Good news on the climate front can be hard to come by—in Cancun or on Capitol Hill. So here’s something: At least we know, as of last week, that John Shimkus of Illinois won’t be chairman of the powerful House energy and commerce committee. At a subcommittee hearing last year the GOP congressman— a contender for the gavel that will now go to Michigan Republican Fred Upton—invoked the Bible to justify a do-nothing approach to climate change. “Man will not destroy this earth. This earth will not be destroyed by a flood,” the congressman intoned.

Shimkus’s theology “doesn’t hold water,” says Rev. Richard Cizik, president of the New Evangelical Partnership for the Common Good and former top lobbyist for the National Association of Evangelicals. “Let’s be clear,” he told me, “the idea that we can’t irreparably damage this planet by our actions runs contrary to all that’s taught in the scriptures.”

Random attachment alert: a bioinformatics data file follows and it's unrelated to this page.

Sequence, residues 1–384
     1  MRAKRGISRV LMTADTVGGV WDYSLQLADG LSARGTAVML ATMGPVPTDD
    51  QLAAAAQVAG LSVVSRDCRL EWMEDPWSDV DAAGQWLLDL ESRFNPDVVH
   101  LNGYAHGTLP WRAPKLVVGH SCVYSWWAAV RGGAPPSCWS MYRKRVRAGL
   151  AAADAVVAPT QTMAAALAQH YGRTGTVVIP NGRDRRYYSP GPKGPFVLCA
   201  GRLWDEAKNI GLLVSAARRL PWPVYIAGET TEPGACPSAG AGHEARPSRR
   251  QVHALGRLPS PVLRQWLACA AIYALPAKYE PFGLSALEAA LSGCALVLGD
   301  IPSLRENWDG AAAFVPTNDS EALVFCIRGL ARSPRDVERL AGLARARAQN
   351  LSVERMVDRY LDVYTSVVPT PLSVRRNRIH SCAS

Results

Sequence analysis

Cizik, a prominent advocate for climate action, spoke with me as he returned from the U.N. conference in Cancun. At the forefront of a growing evangelical “creation care” movement, he was instrumental in launching the Evangelical Climate Initiative, which turned a lot of heads in February 2006. Originally signed by 86 evangelical leaders—the tally is now more than 350—the ECI states that human-caused climate change is real, that the impact will be felt disproportionately by the world’s poor, and that Christians are called to take action. Pushback was fierce, and it still is. (In late 2008, Cizik’s more conservative brethren used his climate advocacy, along with his shifting position on same-sex unions, to have him ousted from the NAE.)

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